on Thursday. She went peacefully in her sleep at the age of 103.
It is not an occasion for sadness. While mentally alert she was physically frail and had given strict instructions she was not to be revived if there was a medical episode.
She told me some weeks ago that she was "one of the lucky ones". I knew what she meant. She was surrounded by people, younger than her, who did not have the same level of mental alertness. They spend their days according to a timetable set by other people. They doze in chairs. Conversation is an effort, if they can manage it at all. Some of them are able to feed themselves but others need to be fed.
The nursing home she was in does the best it can. It provides some entertainment. There is "community singing" (accompanied by tapes). They have Christmas parties, a Melbourne Cup lunch, films, a craft group, cards and games. Those who are able to go out will sometimes go on a bus just for a ride and a change of scenery. The garden is nicely kept and most people spend some time in it when the weather is warm and dry.
But, the place smells of over-cooked vegetables and disinfectant. It is almost inevitable. The buildings are old - and currently being replaced by new buildings on the adjacent land. It is not somewhere most people would ever contemplate spending the last days of their lives. None of us want to think about something like that.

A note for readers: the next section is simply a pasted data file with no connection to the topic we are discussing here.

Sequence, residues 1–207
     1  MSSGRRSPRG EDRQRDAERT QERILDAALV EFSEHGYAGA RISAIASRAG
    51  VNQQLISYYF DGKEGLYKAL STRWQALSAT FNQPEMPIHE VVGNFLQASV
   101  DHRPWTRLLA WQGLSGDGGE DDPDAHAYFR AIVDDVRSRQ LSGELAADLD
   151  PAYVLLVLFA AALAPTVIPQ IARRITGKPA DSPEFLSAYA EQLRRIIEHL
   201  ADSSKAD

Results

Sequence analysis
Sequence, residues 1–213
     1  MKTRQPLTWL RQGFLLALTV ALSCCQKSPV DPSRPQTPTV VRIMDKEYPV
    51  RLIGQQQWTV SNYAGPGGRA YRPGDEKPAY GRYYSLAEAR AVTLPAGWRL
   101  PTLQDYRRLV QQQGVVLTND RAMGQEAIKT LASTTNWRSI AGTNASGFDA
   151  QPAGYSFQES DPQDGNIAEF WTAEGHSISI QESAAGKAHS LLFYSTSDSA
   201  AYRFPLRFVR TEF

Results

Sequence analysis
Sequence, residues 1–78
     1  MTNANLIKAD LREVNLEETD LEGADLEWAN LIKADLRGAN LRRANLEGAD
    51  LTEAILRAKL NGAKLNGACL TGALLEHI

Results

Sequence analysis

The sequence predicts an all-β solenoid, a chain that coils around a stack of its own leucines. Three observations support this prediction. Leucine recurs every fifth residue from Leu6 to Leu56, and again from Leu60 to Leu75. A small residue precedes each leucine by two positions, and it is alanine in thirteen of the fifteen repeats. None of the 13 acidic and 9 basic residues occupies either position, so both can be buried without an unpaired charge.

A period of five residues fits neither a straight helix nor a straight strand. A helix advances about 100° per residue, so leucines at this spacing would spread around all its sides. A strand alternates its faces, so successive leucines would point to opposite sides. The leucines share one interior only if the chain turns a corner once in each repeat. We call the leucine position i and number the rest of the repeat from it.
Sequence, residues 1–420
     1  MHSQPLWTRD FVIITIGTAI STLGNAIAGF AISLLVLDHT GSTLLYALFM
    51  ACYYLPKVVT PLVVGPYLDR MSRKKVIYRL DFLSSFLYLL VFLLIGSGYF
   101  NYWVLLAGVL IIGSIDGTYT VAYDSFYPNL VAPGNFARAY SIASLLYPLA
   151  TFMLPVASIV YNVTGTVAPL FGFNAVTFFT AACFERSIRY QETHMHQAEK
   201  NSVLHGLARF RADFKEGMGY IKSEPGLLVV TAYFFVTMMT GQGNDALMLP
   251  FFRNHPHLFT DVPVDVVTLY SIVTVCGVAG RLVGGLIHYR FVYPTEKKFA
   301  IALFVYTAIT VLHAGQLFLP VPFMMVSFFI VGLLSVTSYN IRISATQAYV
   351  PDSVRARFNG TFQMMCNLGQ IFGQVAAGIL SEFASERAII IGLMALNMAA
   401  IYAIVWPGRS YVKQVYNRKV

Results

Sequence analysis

My cousin 'phoned last night. My uncle has been taken to hospital again. They have apparently revived him twice in the last week. My cousin has questioned this. The nursing home he is in claimed not to have any record of my uncle's wishes. They are legally required to keep him alive. We know they were advised when he first went there. He was still sufficiently alert to advise them of that himself. It is in his hospital notes at the three different hospitals he has been in. All these places have revived him, once doing so despite a very clear note at the head of his bed asking that he not be revived.
Now they want to do a range of tests and my cousin feels he is being considered cold and uncaring for questioning the need for these. He talked this over with my father and me last night. We all feel that my uncle should be given the care which will make him comfortable, not care that will unduly prolong his life. He no longer knows people. He is frightened and physically uncomfortable. My cousin is again invoking the Medical Power of Attorney and asking them not to do anything which will prolong his father's life. Will they listen? As I also have Medical Power of Attorney I will advise them the same way. I know it is what my uncle wants. He told me so himself when he granted me the power. It is not a responsibility I took on lightly. It is not a decision I have made lightly.
How much easier it would be to go peacefully in your sleep at the age of 103 having been mentally alert until the end. My uncle is not "one of the lucky ones".